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#SOL16. No.25.

Yesterday, I published a memory from my first grade year — “The Day My Teacher Died.”
Today I am writing a piece that is a snapshot of my thinking as I crafted it. However, before I begin unfolding my thinking, lest my narration of the crafting make the writing seem easy and sequential, a single day accomplishment, I must assure you it was not. That is to say, I drafted, threw away, and drafted again many times. My last draft was over a year ago. Early this month, I pulled it out and began working on it again, hoping I would complete it and publish it during SOL16. Having shared that, here are my thoughts as I crafted the story.

Off and on, over the years, I have attempted to write this memory. My recall of details and sequence of events is vivid. I remember names and what people said and did. I can see their faces; I can see the room. But that was not enough. There were always three problems that I couldn’t seem to solve. First, I didn’t know how to begin. No words would work. Second, I couldn’t decide when in the story to tell that my teacher died. The tone was all wrong no matter what I tried. And finally, I needed an ending that would pull it together, bring closure. So until I could solve those three problems, the story would remain tucked away. Perhaps I will never write it, I thought.

Then, in an airport bookstore, I picked up Henning Mankell’s Bridge to the Stars. On the first page I saw what I was looking for.


I could begin with an animal, adding something that was not in the real story, something that would help me tell it.  (Remember in the prologue I wrote that the story was true, the account accurate, except for one detail in it?) I could begin tersely, with a fragment. And maybe I could use juxtaposition* to achieve the tone I wanted. I could imitate Mankell.

So, I chose a cat because my second grade teacher had a cat. And with two words, The cat, my story begins. My first problem was solved.

With the phrase “the cat” punctuated as if it were a sentence, I move into a simple sentence construction with descriptive details about the cat — useless details (big, marmalade) as far as the events in story are concerned. However, important to the story tone. I didn’t want the cat to make the mood dark, which a black cat might have done. So I choose a marmalade cat; the color has warmth in it. The idea of a big cat suggests that it is well-cared for, someone’s pet. So, I use the big marmalade cat to create a juxtaposition–the warm image of a pet just before I introduce the stark image of death.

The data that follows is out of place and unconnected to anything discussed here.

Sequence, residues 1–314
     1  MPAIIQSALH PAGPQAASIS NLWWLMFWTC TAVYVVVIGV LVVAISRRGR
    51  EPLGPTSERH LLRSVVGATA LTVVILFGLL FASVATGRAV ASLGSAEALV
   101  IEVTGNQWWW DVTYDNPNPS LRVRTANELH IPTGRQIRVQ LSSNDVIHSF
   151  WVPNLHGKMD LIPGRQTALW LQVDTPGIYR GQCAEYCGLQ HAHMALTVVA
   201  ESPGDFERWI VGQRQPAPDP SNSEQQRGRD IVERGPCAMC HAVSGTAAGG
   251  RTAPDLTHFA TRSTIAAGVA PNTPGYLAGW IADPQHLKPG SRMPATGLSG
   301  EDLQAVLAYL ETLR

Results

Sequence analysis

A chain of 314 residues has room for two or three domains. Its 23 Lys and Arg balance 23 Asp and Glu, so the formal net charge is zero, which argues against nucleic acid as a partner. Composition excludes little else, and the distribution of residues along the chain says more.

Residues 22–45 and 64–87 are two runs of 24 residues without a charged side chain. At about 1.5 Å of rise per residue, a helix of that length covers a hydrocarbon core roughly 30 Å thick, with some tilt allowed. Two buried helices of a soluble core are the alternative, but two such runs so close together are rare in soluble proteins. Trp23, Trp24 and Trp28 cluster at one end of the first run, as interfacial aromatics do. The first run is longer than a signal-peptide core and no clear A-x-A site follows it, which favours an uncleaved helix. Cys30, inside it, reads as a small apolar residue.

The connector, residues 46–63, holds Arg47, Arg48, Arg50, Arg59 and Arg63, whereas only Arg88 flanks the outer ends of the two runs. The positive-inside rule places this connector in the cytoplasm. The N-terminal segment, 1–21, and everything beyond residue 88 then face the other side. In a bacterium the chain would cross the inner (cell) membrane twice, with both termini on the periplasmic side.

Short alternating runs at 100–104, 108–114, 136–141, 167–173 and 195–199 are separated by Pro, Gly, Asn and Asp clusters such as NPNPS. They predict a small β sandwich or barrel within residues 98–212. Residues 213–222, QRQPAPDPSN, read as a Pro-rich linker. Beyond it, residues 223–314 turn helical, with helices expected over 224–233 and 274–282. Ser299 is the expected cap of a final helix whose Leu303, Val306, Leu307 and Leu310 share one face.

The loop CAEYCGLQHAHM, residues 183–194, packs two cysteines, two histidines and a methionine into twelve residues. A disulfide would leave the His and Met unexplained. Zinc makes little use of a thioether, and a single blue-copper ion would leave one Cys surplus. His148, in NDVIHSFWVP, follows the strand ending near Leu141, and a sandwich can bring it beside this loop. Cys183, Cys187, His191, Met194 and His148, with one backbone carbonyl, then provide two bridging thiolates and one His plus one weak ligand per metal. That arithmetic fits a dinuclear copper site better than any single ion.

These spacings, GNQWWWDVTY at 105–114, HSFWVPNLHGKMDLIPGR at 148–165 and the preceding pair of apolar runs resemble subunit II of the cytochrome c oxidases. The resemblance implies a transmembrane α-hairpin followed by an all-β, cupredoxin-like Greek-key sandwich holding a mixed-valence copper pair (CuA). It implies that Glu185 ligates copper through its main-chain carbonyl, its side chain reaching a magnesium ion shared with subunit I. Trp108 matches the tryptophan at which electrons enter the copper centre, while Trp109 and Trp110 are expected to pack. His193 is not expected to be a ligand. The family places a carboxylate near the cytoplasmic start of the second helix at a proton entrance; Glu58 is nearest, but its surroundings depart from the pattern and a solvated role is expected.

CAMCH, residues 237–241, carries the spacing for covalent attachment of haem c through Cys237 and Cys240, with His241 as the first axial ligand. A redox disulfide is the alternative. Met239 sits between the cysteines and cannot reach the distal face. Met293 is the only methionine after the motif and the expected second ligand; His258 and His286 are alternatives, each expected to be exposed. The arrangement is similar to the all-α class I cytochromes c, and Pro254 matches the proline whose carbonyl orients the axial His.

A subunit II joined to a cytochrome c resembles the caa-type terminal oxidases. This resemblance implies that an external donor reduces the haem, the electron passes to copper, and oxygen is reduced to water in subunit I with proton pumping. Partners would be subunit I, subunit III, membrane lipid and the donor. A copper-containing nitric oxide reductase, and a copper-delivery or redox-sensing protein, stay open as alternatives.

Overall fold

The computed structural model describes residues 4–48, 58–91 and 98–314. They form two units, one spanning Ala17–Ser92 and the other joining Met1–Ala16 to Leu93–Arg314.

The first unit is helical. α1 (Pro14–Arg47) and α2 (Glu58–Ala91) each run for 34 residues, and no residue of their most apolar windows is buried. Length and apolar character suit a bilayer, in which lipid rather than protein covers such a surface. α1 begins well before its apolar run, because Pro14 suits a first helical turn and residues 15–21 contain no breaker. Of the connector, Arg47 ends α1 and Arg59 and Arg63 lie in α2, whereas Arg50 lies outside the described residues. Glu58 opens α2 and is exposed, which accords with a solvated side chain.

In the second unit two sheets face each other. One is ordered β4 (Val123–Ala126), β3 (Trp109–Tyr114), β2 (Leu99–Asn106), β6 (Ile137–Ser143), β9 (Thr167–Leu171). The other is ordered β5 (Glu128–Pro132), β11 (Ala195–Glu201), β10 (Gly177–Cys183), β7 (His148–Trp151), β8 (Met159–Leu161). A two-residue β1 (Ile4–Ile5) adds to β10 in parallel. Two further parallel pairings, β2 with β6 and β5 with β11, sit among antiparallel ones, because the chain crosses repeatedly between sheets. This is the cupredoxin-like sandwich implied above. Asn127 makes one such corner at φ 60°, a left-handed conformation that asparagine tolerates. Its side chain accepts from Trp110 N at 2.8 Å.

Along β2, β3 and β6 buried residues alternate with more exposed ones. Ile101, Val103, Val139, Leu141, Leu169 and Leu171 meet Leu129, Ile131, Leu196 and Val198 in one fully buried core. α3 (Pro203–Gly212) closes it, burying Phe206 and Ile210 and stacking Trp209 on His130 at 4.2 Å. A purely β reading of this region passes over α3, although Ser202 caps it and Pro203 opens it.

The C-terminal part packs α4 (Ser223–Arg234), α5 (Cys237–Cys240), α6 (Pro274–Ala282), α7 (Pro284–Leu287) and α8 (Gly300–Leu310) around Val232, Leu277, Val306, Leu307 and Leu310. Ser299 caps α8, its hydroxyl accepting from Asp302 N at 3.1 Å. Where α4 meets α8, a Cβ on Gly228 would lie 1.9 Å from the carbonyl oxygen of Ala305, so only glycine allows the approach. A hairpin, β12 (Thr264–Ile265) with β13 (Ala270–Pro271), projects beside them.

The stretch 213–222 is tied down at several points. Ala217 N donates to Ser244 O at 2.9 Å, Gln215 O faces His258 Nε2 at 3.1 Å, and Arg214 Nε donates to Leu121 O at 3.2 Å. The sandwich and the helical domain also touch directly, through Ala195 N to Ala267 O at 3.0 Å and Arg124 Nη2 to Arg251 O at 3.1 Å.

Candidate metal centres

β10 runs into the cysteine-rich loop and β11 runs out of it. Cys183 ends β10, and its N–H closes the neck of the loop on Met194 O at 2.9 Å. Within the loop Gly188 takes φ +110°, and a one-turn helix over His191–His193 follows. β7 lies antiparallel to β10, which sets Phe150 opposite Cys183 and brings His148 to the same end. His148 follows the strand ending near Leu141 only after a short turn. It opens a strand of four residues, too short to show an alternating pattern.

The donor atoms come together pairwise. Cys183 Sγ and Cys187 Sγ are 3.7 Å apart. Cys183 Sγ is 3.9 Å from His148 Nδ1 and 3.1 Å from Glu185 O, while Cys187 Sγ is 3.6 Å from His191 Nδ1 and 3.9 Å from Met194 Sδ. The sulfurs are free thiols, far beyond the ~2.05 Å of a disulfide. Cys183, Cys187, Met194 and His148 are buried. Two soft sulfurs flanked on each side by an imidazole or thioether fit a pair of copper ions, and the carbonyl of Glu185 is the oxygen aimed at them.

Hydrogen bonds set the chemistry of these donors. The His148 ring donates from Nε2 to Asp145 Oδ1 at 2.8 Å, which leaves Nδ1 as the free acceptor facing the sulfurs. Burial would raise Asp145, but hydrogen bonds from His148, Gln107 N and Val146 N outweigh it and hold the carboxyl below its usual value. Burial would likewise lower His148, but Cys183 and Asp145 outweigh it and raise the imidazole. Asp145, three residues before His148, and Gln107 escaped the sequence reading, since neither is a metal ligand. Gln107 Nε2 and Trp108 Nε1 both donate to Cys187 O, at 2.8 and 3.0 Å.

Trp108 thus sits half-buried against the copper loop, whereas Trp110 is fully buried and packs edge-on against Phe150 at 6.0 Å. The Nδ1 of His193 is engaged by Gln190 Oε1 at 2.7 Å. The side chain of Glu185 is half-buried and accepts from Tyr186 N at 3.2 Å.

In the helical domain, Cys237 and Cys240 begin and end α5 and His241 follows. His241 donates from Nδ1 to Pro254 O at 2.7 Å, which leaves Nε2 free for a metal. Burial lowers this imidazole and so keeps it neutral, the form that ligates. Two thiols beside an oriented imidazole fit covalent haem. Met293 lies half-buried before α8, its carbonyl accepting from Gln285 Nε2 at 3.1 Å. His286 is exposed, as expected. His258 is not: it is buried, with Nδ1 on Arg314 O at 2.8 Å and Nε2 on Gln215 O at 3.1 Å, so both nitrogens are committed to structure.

Also, I use the grammatical structure of my sentences to further support the juxtaposition–a simple sentence about  the cat, a complex sentence about death. And starting each sentence flush at the left margin much like a new paragraph helps accentuate the increasing importance of information. All in all, this sets my tone. And so my second problem was solved. Here is my final copy of those three sentences.

The cat.
It was a big marmalade cat.
When I see a marmalade cat, I always remember the day my first grade teacher, Miss. Rogers, died.

Telling the story was not difficult because it is woven into the fabric of my life.

At the end of the piece, I use the cat again to create a juxtaposition with multiple facets. The cat, warm and friendly, contrasts with the cold and fear we feel as we wait. The cat, soft and inviting, contrasts with the harsh reality of the sirens and flashing lights. The cat, moving and rubbing against our legs, contrasts with our motionless waiting. The cat, meowing to us, contrasts with our silence. I also use the cat to create object placement–a technique of placing an object that is not a critical element of the story plot at the beginning and again at the end, using it to pull the story together. I had solved the third problem.

Whether I have done well or not, you will have to decide. But I am satisfied that I have at last written and published my memory. One day, perhaps, I will add more, but not right now.


© 2016 Alice Nine All rights reserved.

*Juxtaposition is a literary technique in which two or more ideas, places, characters and their actions are placed side by side in a narrative or a poem for the purpose of developing comparisons and contrast.

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